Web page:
Fertilizer application rates have less sensitive to precision. However, you still need to understand the product your using to see if the 3 setting device delivers the concentrate at the proper ratio. Identifying the injection ratio for each setting begins that process. For example, commercial liquid fertilizers are designed for growers and farmers to inject through their proportional injector systems. These are precision devices that use an injector pump, and proportions the solution accurately based on changing irrigation flow rates as pumps kick on to re-pressurize the water system. These fertilizer solutions are highly concentrated w/ little or no water as a soluble since the irrigation water is intended to do that. Contrast that against some retail liquid fertilizers which may have a large volume of water . . . if the fertilizer has already been diluted w/ water so that homeowner can apply directly to plants, then running that solution through your irrigation system will dilute it so much that it would likely be ineffective, or absolutely cost ineffective as such a large quantity would be needed. Miracle Gro makes a simple Ďfertigatorí w/ only one ratio that screwes on the end of a hose . . . the sealed bottle has a concentrated Miracle Gro solution, and while not a precise applicator tool, it works well in some situations.

When you talk about using this system for injecting insecticides, I wonder if you have a deep understanding of what your doing. First, there are so many different insecticides on the market, most have different mixing rates. Perhaps thinking about a back-pack sprayer may help. Lets say an insecticide requires 0.8 oz. mixed w/ a gallon of water . . . after that, itís being delivered by the back-pack sprayer w/ no additional water. So you would need to do mathematical calculations to figure how much concentrate would be put in your tank, and what setting to use, so that it is delivered properly and in accordance w/ labeling instructions. With only 3-settings, you would probably not luck out so that the concentrate could be applied directly into your tank, and delivered properly based on the setting . . . more likely, you would find yourself adjusting the concentrate by adding a certain amount of water into the tank so that when that mixed solution is further diluted by irrigation water at the ratio of your setting, it would then be around the prescribed application rate. This would need to be done for each chemical if having a different solution rate.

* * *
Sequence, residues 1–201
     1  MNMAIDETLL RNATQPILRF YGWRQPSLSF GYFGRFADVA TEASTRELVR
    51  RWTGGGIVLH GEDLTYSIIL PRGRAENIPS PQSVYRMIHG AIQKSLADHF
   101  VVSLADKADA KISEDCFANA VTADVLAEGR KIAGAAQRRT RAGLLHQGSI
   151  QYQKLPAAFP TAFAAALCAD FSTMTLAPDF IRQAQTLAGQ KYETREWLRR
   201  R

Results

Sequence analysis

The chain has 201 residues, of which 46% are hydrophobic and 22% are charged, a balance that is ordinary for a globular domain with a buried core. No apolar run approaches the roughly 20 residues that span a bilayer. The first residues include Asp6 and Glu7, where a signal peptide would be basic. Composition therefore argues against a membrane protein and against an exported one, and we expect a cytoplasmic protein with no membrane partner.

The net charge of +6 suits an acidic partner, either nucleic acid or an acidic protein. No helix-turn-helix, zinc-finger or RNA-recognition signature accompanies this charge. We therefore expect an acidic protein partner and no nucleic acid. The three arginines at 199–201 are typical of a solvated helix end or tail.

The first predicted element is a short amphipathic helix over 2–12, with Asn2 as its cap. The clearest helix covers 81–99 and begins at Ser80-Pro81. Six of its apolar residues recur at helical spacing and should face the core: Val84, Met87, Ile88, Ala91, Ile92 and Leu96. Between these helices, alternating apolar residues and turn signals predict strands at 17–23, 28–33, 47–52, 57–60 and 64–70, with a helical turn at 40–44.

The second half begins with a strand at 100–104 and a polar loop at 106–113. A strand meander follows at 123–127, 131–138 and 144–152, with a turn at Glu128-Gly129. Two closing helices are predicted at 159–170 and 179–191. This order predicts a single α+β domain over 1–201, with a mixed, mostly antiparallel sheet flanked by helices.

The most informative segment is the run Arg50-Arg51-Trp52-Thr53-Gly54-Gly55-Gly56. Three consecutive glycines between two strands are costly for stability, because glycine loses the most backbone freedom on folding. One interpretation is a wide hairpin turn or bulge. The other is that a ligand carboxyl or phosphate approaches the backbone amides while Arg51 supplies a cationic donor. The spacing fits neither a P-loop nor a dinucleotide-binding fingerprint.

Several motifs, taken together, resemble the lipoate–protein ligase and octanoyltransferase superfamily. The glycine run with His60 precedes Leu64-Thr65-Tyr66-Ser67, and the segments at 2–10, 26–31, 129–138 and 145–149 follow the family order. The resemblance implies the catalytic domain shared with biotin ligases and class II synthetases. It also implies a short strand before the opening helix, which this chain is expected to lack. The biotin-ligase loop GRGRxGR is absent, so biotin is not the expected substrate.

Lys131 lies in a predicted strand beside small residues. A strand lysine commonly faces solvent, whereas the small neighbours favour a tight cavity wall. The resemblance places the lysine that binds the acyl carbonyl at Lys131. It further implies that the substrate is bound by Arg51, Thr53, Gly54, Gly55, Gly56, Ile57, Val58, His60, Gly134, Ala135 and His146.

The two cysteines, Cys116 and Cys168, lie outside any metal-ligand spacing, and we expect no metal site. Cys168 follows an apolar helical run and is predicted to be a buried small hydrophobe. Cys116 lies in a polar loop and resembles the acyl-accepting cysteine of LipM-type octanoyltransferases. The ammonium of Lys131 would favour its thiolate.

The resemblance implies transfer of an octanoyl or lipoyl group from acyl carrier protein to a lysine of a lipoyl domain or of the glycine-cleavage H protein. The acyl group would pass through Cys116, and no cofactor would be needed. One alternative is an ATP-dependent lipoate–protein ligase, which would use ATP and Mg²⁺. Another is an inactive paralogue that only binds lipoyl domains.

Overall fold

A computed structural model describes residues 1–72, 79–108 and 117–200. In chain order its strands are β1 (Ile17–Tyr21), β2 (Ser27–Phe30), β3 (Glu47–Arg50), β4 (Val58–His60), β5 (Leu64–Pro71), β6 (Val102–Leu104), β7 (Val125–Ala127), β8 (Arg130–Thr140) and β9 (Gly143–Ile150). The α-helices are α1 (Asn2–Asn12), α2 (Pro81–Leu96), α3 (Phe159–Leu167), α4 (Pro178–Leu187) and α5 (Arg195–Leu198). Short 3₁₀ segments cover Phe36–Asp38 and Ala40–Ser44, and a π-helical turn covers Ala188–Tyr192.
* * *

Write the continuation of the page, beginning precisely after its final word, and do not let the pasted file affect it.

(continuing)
If your PVC pipes shown in pics are connected to your home water drinking system, make sure you have a functioning back-flow preventer connected on your system . . . even if drinking water is not involved, your building codes (public health dept.) may have regulations requiring a back-flow preventer to safeguard the public water supply if drawing from a well or surface body such as a lake.